5. The vehicle loading hopper of claim 1, including opposite side plates extendibly mounted to the bin and an end plate joined to said side plates, means for raising said side and end plates into a raised portion when the bin is raised for providing a confined mix area above the bin upper filling end.
6. The vehicle loading hopper of claim 5, said end plate supporting said mix delivery means directly above said bin filling end when said plates are in said raised position.
7. A transportable, collapsible vehicle loading hopper for filling trucks or the like with sticky substances like asphaltic mix or other sticky mixed product from a mixing device at a remote construction site, comprising:
a transportable frame supported on ground engaging wheels,
a vertically raisable one piece rectangular holding bin having a truncated rectangular lower discharge end adapted to be above a vehicle when the bin is raised and below the vertical height clearance normally encountered on highways when in a transporting position and an upper filling end adapted to be below the vertical height clearance normally encountered on highways when in a transporting position,
means for raising and lowering said bin in a unitary unmodified condition,
mix delivery means extending from ground to above said bin when the bin is raised, and including means for transporting the mix from the mixing device to the upper filling end of the bin, and
means for collapsing the delivery means into a position supported solely on said frame but below said vertical height clearance, said mix delivery means including a track having a pivotable and slidable ground engaging end, stationary central portion and a pivotable upper end supported on said bin wherein raising of said bin automatically deploys said track upper end into an operative extended position.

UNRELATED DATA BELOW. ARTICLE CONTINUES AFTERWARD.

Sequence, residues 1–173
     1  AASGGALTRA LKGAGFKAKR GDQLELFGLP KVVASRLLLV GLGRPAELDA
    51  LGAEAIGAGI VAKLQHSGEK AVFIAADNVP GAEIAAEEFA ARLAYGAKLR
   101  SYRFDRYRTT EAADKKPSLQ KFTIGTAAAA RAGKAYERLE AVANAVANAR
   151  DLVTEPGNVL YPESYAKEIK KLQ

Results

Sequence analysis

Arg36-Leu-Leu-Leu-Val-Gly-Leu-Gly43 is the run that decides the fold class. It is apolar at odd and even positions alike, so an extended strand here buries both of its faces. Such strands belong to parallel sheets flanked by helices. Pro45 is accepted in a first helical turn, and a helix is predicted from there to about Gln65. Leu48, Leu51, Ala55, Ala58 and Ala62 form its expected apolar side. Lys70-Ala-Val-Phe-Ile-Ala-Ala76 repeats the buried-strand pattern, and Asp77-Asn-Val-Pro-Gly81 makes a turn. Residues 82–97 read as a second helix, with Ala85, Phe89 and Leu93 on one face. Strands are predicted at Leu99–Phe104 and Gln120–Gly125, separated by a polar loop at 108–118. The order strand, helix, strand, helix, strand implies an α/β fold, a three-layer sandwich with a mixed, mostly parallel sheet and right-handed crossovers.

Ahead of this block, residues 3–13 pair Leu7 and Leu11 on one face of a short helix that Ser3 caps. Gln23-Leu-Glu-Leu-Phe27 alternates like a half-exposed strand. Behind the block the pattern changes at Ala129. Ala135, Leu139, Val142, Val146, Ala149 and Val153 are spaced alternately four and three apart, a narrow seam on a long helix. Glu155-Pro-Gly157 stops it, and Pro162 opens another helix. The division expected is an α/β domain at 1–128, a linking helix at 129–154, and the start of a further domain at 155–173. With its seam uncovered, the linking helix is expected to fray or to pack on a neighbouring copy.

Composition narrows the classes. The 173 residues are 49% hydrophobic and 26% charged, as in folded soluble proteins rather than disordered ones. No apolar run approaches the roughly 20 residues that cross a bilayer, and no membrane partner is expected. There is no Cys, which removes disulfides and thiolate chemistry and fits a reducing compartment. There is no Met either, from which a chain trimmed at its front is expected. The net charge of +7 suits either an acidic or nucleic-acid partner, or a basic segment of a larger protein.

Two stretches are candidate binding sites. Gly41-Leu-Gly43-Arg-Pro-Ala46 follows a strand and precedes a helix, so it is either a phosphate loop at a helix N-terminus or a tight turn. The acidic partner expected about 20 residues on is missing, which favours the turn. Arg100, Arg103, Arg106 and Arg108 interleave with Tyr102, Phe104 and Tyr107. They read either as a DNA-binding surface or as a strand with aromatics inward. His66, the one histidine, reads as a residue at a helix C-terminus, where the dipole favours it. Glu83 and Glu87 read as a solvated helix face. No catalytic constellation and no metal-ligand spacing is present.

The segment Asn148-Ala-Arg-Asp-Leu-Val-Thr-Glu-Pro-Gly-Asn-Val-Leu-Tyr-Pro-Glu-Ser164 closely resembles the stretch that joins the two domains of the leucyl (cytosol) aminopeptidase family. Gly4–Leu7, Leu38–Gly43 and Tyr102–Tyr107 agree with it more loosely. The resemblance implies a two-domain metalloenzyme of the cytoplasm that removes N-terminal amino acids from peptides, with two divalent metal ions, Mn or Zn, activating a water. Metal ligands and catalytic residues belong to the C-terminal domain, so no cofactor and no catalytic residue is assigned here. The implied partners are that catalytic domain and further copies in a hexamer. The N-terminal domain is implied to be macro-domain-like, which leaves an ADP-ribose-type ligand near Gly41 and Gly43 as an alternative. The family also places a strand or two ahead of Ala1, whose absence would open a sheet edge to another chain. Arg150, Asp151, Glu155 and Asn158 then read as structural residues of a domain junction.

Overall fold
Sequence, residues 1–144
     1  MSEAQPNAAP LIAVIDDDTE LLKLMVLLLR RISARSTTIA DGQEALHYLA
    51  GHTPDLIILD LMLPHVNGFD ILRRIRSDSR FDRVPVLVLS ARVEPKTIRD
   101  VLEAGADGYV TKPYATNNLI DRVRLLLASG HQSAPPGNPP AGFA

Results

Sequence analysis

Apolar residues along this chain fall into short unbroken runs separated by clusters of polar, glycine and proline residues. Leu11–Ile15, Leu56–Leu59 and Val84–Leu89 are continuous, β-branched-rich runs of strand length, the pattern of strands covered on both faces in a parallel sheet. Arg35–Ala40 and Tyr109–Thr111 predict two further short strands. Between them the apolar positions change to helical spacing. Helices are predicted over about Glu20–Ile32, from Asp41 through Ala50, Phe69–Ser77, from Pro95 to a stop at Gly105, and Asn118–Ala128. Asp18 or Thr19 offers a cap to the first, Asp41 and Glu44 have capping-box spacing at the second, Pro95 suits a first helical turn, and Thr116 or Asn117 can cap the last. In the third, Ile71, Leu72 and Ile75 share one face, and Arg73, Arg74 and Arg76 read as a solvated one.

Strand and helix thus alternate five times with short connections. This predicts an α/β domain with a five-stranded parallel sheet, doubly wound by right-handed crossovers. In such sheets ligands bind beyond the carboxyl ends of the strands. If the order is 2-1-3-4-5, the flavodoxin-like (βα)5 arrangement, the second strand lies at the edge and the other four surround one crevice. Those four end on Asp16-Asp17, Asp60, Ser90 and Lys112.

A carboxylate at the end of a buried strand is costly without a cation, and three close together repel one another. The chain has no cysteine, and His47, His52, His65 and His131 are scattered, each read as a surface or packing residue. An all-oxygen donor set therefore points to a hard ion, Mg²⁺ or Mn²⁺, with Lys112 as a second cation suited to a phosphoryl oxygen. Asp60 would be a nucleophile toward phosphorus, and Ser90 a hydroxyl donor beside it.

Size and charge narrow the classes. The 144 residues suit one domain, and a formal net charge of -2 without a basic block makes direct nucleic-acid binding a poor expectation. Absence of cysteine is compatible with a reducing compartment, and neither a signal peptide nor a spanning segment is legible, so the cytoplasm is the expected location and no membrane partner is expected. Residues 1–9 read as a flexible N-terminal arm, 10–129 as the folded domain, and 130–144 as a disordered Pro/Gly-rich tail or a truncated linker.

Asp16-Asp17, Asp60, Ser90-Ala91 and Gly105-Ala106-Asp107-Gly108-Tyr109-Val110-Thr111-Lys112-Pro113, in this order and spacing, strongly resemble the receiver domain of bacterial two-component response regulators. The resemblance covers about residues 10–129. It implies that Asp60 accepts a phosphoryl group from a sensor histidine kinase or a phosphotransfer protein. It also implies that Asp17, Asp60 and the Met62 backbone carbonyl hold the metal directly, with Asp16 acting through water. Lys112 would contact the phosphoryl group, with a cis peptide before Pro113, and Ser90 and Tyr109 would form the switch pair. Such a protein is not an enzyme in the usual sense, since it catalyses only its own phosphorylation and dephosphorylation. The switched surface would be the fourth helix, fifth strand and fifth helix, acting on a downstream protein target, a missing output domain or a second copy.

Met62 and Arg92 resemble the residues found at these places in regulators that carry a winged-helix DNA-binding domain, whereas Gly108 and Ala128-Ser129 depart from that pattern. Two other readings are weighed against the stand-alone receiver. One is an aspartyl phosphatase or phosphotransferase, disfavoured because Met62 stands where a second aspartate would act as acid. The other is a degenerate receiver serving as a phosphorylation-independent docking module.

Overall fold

8. A transportable, collapsible vehicle loading hopper for filling trucks or the like with sticky substances like asphaltic mix or other sticky mixed product from a mixing device at a remote construction site, comprising:
a transportable frame supported on ground engaging wheels,
a vertically raisable one piece rectangular holding bin having a truncated rectangular lower discharge end adapted to be above a vehicle when the bin is raised and below the vertical height clearance normally encountered on highways when in a transporting position and an upper filling end adapted to be below the vertical height clearance normally encountered on highways when in a transporting position,
means for raising and lowering said bin in a unitary unmodified condition,
mix delivery means extending from ground to above said bin when the bin is raised, and including means for transporting the mix from the mixing device to the upper filling end of the bin, and
means for collapsing the delivery means into a position supported solely on said frame but below said vertical height clearance, said means for raising and lowering said bin including a set of chains dead ended at said lower discharge end of the bin and coupled to powered sprockets rotatably fastened to said frame at an elevated position whereby rotation of the sprockets will raise said bin into its extended position, and side shield members pivotally coupled to the bin and to cables engageable with said frame as the bin is raised whereby the cables pull the shield members into shielding raised positions above the upper filling end of the bin solely by raising the bin.
Description

This is a continuation, of application Ser. No. 873,107, filed Jan. 30, 1978 now abandoned.

BACKGROUND OF THE INVENTION

1. Field of the Invention

This invention pertains to portable truck loading apparatus, and more particularly to transportable, collapsible loading hoppers adapted for loading asphalt or other product at the construction site rather than at a remote fixed manufacturing facility.